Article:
Genetic variants contribute to mold allergen sensitization in adult asthma
Published Online: May 17, 2011
Allergic sensitization to molds is a risk factor for asthma and asthma severity. Mold sensitization depends strongly on geographic conditions and environmental mold allergen exposure. Heritable factors contribute to mold sensitization as well, but to date, only very few studies investigated the role of genetic variants in mold sensitization. In an upcoming issue of The Journal of Allergy and Clinical Immunology (JACI), Smit et al. used data from 1,243 adults who participated in the French Epidemiological Study on the Genetics and Environment of Asthma (EGEA) follow up. Sensitization to some allergens (Aspergillus, Cladosporium herbarum, Alternaria alternata) was assessed by skin prick test.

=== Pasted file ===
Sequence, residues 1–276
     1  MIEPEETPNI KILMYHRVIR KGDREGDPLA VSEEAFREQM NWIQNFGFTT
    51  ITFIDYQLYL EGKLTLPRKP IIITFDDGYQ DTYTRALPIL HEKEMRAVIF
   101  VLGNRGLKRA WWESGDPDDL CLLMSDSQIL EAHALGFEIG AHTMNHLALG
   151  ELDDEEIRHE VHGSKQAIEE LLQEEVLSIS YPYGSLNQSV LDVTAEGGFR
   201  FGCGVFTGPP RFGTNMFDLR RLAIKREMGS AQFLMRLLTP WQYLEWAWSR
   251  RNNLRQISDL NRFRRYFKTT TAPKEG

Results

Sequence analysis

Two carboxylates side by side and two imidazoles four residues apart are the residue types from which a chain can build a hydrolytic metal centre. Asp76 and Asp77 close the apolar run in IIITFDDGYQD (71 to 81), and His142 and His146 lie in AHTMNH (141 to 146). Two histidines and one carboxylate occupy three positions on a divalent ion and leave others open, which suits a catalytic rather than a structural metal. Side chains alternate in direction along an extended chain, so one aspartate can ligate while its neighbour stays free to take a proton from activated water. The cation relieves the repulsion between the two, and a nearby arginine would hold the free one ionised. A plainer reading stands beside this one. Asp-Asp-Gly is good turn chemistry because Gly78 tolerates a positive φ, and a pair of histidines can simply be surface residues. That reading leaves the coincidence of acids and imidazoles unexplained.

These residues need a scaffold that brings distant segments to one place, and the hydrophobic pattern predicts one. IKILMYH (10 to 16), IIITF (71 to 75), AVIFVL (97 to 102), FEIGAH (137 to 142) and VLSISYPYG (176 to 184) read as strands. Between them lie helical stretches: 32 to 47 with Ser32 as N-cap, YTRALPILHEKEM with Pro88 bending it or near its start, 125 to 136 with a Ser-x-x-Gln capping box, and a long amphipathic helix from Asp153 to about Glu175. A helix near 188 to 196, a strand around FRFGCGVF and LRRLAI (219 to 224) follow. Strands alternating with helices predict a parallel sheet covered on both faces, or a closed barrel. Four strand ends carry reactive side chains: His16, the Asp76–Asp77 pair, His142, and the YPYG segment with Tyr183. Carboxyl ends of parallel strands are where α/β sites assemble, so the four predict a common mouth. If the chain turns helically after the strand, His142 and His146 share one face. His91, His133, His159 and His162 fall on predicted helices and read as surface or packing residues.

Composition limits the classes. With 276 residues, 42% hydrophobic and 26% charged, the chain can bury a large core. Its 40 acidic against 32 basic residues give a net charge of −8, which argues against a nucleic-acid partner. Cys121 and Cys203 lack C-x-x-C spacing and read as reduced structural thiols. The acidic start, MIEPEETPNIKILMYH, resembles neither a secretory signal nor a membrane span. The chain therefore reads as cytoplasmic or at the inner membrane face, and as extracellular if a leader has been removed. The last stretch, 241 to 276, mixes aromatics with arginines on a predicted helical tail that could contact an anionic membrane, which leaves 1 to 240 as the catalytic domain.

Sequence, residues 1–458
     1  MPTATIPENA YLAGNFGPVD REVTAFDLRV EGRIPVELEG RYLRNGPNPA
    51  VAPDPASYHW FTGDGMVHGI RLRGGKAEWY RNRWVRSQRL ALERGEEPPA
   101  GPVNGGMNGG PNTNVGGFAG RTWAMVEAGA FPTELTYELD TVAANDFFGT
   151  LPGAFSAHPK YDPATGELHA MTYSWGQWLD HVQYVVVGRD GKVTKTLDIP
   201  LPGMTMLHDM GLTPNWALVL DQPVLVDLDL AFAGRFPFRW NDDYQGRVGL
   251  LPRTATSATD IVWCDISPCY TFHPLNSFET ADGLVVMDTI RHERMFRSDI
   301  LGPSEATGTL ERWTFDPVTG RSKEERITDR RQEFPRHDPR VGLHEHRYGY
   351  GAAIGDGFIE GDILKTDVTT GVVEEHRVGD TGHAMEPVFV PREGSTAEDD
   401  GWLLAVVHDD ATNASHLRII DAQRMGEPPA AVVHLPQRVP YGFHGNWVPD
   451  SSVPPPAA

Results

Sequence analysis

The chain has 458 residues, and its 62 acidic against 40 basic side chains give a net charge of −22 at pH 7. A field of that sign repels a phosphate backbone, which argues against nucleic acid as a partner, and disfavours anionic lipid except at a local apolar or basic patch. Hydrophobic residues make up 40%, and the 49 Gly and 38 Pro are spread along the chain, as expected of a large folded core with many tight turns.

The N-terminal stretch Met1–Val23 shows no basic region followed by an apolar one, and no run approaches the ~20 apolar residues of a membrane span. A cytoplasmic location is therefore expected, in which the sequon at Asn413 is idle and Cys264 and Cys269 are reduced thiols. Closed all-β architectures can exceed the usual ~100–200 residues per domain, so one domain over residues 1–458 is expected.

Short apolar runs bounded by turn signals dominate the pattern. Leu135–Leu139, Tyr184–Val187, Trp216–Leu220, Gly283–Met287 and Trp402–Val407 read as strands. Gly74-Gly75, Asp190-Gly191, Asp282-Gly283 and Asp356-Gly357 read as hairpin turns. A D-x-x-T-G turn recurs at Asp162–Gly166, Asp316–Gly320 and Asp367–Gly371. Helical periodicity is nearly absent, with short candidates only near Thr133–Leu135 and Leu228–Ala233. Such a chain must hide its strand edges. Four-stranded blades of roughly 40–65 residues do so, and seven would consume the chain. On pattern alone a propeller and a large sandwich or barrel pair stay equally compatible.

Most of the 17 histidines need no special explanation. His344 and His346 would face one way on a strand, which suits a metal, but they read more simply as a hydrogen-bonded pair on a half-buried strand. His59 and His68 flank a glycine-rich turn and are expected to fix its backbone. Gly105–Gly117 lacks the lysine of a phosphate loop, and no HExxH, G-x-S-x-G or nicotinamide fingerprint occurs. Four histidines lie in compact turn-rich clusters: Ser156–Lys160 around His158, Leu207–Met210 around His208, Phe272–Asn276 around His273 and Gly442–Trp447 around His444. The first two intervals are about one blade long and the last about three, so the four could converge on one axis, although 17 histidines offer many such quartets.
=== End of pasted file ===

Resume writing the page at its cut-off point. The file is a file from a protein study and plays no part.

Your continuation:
The authors show for the first time that a joint effect of the genes integrin, beta 3 (ITGB3) and Toll-like receptor 2 (TLR2) increases susceptibility to mold sensitization among adults with asthma. These results are consistent with the biological interaction between integrin β3 and TLR 2 that was recently demonstrated, suggesting an important role of the integrin β3-TLR2 complex in the innate immune response to fungal agents. The authors suggested that an altered function of this complex could lead to an increased risk of mold sensitization. Future studies need to replicate these findings, and functional experiments are needed to elucidate the mechanism by which ITGB3 and TLR2 variants influence susceptibility to mold sensitization.
The Journal of Allergy and Clinical Immunology (JACI) is the official scientific journal of the AAAAI, and is the most-cited journal in the field of allergy and clinical immunology.